Disneyland After Dark is coming back in 2023. Disneyland fans concerned about the price of Disneyland tickets and availability of its park reservations probably ought to hope that Disney adds even more after-hours, hard-ticket events in the new year.
Tickets will go on sale on Disneyland's website tomorrow no earlier than 9am Pacific Time to Magic Key holders for the first of two Disneyland After Dark events in 2023: seven nights of "Sweethearts' Nite" in January and February, and two nights of a new "Princess Nite" event in March. Tickets will go on sale to the public starting Wednesday, December 14, again, no earlier than 9am.
After-hours, hard-ticket parties such as Disneyland After Dark allow theme parks to expand their capacities by effectively adding dates to the calendar. Universal officials have called Halloween Horror Nights their "13th month" due to all the extra operating sessions - and corresponding ticket sales - that special event provides. Disney has its own holiday parties in Orlando and Anaheim, but Disneyland After Dark - and the corresponding Disney After Hours at Walt Disney World in Florida - allow Disney to expand its operating calendar beyond the Halloween and Christmas holiday seasons.
With Disney seemingly able to raise prices at will and keep its parks filled, demand clearly continues to run ahead of supply for the Disney theme parks. Adding capacity by expanding parks' footprints or replacing lower-capacity older attractions with higher capacity newer ones can cost millions or even billions of dollars and take years to complete. But adding after-hours events allows parks to sell more tickets and welcome more visitors quickly while making more money up front. That makes these types of events perhaps the best short-term solution to Disney's long-term capacity problems.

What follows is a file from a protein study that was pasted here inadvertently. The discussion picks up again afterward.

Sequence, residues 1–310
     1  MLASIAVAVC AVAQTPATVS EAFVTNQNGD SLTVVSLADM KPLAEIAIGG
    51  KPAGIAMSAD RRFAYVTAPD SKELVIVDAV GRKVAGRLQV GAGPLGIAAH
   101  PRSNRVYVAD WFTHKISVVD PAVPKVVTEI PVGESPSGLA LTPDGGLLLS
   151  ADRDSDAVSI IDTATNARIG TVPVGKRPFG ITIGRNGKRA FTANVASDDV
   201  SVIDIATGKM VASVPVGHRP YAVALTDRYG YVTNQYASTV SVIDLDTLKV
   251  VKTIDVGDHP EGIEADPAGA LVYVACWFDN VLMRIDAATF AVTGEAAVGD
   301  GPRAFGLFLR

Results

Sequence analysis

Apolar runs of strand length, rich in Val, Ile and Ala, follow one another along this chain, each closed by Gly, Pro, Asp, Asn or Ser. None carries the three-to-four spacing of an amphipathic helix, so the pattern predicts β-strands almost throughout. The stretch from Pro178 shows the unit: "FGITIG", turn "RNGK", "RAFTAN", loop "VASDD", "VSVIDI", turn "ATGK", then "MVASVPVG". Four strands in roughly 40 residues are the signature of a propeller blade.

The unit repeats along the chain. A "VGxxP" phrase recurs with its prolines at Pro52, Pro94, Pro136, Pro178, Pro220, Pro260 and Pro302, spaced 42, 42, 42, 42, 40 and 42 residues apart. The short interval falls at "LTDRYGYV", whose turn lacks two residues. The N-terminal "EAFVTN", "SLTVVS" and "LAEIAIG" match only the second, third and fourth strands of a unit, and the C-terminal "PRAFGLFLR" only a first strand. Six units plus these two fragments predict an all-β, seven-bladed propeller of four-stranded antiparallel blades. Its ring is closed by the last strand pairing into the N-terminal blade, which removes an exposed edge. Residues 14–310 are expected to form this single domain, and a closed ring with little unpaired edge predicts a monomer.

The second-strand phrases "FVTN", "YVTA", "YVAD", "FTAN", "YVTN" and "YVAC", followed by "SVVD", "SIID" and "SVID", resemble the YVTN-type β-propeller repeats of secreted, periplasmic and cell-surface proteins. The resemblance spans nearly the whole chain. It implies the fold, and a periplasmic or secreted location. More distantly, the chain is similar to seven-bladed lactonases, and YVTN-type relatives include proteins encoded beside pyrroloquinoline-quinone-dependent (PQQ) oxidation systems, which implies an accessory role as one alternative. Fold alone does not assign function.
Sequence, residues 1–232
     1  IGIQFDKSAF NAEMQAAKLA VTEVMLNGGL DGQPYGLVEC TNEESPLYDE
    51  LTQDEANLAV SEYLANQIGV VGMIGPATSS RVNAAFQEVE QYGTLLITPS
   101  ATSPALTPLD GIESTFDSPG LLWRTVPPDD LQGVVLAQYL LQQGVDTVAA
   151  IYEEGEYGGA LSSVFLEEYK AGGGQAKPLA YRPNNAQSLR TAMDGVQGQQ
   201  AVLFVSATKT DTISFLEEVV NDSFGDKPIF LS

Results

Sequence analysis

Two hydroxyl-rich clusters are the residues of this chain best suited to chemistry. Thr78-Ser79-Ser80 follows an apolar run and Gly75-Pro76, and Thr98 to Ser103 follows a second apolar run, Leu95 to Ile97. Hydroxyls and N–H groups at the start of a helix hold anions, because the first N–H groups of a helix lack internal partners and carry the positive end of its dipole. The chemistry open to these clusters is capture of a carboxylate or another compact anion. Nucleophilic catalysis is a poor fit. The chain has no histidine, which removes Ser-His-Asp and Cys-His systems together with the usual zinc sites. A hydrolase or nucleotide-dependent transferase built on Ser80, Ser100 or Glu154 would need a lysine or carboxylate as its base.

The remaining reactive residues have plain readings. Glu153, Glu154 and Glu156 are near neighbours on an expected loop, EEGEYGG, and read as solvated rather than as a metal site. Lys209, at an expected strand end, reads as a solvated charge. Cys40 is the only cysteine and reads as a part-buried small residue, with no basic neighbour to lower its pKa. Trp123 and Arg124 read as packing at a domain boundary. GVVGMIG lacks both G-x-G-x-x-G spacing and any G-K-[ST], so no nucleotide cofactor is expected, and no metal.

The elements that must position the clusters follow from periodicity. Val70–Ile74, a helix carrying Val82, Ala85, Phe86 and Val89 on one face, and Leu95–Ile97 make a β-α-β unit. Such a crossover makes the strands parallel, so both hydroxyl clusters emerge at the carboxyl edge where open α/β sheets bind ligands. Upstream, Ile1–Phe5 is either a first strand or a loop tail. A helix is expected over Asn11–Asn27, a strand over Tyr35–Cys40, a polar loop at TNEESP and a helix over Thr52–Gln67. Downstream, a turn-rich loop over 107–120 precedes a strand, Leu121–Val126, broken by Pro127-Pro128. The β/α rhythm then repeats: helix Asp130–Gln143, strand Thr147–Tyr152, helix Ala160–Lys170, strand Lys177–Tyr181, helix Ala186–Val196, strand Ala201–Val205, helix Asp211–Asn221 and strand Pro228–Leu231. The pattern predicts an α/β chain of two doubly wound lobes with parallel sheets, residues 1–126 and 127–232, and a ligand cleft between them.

Disneyland After Dark tickets will start at $129 per guest, which makes them more expensive than a regular one-day ticket to Disneyland on some event dates. But Disneyland is promoting After Dark as more limited-capacity events with special programming (most character meets) and a green light for adults to wear character costumes (within some limits). That makes these events more appealing than a daily visit to some fans.
If all Disneyland After Dark tickets end up going to Magic Key holders, then the events won't have any value in extending park availability to more casual Disney fans. But if Disneyland could add enough of these events, perhaps it could get to the point where local Disneyland fans could buy tickets to some after-hours event nights on a walk-up basis, rather than hoping to get lucky in the online sales lottery, as it usually the case with such events now. And that could mean we finally would have gotten the point where Disney would have reached the limit of its pricing power on Disneyland admissions.
Wishful thinking? Maybe. And, of course, after-hours event nights usually mean earlier closing hours for Disneyland or Disney California Adventure, since there are few early-close nights on their calendars anymore. So not all the capacity added for these events is on top of regular park capacity. Some of it is a swap at the expense of regular ticket holders, at least until Disneyland has the ability to staff its parks for overnight operation into the post-midnight hours for more of these events.
But in theory, extending park operations by day-parting provides the easiest, cheapest, and fastest way for a theme park to expand its capacity and meet unmet demand for admissions. If Disneyland prices are not to continue rising to the point where only wealthy Californians and tourists may hope to visit, after-hours events may provide part of the solution for making Disneyland more accessible and appealing to more visitors.
What would you like to see Disneyland do next with its after-hours events?
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